Construction in New Delhi began in 1911 under British rule. It is small enclave within the entire area of Delhi and is completely opposite from Old Delhi which was established by the Mughals centuries ago. Wide boulevards and gardens characterize New Delhi which houses embassies, government and military buildings, temples, the presidents house and some hotels. It is not a residential area and other than some monkeys and the few Pi dogs along the road, street life is largely non-existent. One could be in any European or North American city.
My New Delhi experience began with my driver and guide arguing over the route to take with resulting chaos accompanied by a disembodied voice from the Google maps app instructing us to “when possible make a legal u turn”. As very little of what I have seen of driving techniques on Delhi streets could in any form be called legal it was like an episode from the keystone cops. My seat belt went on pretty early in the trip.
Once the directional challenges were overcome, the day turned out well. The first stop was the Gurudwara Bangladesh Sahib Sikh temple with a healing lake – known as the Sarvovar next to it. Apparently there was a small pox epidemic in the 17th century – which was supposedly healed with water from the lake. Made for some good photo ops in any case.
We also toured the immense temple kitchen where meals are made to serve to anyone who wants to eat every day.
Following a few more u turns in the middle of traffic and a few short cuts over traffic medians we reached the step well – Agrasen ki Baoli which is a protected monument in India. It is 60 meters long and 15 meters wide and is thought to have been built in the 14th century. Step wells were developed to deal with seasonal fluctuations in the water table which are common in India.
As carrying water is often women’s work step wells were also traditionally associated with women. Was a wonderful site.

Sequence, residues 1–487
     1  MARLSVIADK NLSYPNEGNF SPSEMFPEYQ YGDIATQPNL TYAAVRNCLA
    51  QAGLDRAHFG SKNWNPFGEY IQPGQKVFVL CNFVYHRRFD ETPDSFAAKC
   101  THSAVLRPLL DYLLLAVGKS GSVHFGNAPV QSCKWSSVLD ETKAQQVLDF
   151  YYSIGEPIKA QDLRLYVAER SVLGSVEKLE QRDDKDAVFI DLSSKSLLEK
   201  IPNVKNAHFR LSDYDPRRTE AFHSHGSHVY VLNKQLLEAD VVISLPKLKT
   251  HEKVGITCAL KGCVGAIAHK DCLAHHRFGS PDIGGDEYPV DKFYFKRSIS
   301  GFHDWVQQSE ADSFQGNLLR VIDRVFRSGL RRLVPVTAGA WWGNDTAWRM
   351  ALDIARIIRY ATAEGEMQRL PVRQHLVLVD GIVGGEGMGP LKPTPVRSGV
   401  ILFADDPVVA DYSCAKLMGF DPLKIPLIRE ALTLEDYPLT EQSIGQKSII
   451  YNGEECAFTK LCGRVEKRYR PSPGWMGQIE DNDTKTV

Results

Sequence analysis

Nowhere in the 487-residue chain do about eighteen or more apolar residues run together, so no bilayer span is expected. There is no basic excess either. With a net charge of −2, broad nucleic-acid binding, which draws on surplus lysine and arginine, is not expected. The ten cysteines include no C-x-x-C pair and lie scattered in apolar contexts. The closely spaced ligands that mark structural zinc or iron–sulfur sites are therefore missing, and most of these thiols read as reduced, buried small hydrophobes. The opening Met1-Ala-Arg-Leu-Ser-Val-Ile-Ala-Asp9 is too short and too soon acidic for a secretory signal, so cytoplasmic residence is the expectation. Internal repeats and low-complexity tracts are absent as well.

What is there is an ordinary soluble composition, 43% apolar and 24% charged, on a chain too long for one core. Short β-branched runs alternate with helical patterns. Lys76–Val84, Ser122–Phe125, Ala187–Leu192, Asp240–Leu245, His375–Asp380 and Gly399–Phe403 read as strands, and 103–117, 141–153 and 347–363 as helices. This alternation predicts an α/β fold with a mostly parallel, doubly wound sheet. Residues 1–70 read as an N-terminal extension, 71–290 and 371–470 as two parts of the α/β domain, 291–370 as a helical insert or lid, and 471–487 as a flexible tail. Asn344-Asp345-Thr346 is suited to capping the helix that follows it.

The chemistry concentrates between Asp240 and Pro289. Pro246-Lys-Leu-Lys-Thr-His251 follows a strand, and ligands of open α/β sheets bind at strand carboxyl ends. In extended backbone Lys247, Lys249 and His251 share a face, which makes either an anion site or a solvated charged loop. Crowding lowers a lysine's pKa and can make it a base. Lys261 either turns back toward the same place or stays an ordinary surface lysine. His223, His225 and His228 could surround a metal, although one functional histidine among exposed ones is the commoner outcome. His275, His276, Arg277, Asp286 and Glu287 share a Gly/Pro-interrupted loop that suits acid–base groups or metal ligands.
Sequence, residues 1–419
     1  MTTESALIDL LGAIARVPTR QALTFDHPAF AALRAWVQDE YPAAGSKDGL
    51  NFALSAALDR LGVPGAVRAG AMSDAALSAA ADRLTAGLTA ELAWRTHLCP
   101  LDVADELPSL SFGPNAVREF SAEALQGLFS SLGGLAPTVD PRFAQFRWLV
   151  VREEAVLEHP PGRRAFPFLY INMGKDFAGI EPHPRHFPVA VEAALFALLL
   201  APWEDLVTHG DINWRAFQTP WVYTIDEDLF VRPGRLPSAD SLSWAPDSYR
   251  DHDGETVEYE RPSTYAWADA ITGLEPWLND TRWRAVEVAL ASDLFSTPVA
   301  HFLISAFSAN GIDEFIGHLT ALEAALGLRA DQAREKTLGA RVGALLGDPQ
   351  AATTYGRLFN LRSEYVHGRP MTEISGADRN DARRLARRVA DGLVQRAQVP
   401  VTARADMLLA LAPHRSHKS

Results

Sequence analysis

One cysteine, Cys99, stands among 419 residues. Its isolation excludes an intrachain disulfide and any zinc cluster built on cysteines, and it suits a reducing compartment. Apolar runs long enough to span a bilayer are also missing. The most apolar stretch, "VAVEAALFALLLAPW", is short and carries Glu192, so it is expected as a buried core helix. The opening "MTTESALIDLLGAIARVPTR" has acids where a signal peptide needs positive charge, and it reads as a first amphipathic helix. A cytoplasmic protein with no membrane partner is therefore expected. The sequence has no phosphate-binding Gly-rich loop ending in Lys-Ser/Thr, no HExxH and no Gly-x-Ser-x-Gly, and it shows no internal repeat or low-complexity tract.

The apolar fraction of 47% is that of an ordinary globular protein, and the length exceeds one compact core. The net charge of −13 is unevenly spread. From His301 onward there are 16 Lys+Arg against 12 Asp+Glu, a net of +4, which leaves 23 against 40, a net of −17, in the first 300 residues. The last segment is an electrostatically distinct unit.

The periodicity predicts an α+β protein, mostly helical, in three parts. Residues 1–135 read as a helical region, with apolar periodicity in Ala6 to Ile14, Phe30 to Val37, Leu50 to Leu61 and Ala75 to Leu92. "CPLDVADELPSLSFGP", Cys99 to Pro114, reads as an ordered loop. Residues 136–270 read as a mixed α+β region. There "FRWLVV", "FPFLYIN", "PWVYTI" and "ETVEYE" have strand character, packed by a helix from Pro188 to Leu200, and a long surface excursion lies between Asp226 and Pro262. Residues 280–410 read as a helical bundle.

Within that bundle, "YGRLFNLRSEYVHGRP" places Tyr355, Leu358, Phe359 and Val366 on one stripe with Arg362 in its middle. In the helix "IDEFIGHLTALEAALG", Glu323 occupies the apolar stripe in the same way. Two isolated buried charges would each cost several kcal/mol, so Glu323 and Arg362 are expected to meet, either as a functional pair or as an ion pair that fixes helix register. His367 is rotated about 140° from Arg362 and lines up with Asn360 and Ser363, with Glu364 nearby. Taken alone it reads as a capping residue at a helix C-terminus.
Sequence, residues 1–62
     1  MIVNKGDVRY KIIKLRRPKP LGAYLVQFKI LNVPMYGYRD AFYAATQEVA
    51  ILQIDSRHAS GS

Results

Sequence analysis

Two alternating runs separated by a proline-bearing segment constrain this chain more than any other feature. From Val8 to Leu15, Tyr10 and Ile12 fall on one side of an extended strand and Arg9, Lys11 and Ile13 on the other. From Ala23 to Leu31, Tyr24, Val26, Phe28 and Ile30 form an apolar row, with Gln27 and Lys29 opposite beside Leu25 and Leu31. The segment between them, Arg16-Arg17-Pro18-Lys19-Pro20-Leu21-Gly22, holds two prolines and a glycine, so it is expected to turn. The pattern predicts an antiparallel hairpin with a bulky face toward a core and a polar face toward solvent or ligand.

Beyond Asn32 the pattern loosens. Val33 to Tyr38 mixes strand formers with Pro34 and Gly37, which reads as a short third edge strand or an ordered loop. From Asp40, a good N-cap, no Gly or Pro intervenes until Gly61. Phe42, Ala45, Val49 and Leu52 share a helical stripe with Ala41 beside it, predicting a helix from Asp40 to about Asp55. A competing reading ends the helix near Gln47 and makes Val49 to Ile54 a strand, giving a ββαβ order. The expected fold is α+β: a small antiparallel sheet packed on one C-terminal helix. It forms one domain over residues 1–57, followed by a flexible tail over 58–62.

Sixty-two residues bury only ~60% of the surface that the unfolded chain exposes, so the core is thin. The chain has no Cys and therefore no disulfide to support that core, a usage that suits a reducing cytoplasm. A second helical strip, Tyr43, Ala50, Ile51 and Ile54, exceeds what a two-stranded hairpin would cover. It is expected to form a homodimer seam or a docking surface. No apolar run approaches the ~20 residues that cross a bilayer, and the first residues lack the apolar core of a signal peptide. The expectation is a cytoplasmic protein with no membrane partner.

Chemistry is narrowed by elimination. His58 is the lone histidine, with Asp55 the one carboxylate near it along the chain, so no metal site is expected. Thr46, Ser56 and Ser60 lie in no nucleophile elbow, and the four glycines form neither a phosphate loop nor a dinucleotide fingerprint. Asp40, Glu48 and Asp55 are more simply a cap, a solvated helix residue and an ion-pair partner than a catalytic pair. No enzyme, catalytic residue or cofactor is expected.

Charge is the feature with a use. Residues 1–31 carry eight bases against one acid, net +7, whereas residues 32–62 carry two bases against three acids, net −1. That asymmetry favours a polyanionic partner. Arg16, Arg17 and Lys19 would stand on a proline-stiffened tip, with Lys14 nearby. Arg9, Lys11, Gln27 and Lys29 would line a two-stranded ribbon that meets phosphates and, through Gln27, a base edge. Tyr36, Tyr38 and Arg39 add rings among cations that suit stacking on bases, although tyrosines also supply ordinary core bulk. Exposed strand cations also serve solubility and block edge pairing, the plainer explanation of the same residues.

Back into the car 🙁 seat belt tight and off we went. Our next destination was the newly constructed Akshardham Hindu temple. Due to security cameras are not allowed inside – which is a shame, however I got a photo from the surrounding motorway. Interesting to show the outlines of the temple – which was stunning inside and out – also the extent of the pollution in Delhi is readily visible from the photo.
It is the third largest Hindu temple in the world. There are ten gateways to allow the passage of any of the 30 million Hindu Gods, incredible carvings in marble and sandstone. A visit to the toilet at the complex was an experience. It had just been power washed out with soapy water from ceiling to floor – I don’t think I was supposed to be in there as a couple of ladies got very vocal when I was leaving and demanded money – my best deer in the headlights look greeted them as I speedily exited 🙂
OK – back to the car… Seat belt on and away we go. The India gate was next on the Agenda and rapidly appeared….. The Gate is a war memorial dedicated to 70,000 Indian military who have died in 1914-21 – with all the names of the fallen inscribed on the Arc de Triomphe style gate designed by Edwin Lutyens. A black plinth with four eternal flames seven as the tomb of the unknown soldier at the base of the Gate.
There’s that car again…….. Last stop was the the Ghandi Smriti where Ghandi spent the last few months of his life and where he was assassinated. This was a place that I had really wanted to visit. The room were Ghandi slept and ate is perfectly preserved, the events leading up to his death, his writings, his philosophies, photos, and newspaper clippings providing a detailed look at the man, his beliefs and legacy. A short walk in his footsteps (outlined in wood) to the place of his assassination – now covered with a small structure referred to as the Martyrs column – completed a very moving visit.
The ride back to the hotel was (surprise!!!) a short one – there will be fingernail marks in the back of the seat in front of me for a while………
I fly home tomorrow, into winter again. This has been an outstanding trip, exhausting, stimulating, thought provoking and unlike anything I have ever encountered. It will take a while to assimilate it. Parts of India have certainly provided a snap shot of where the world is heading if we keep barreling along the same route. This was my first National Geographic G Adventures trip and definitely will not be my last. The upgrades in the trip style over the old classic level of service have been much appreciated particularly in this part of the world. Our CEO was excellent, as were the local guides along the way. A great group of sympatico people on the trip was the icing on the cake – A+ all around.
Until next time — Namaste!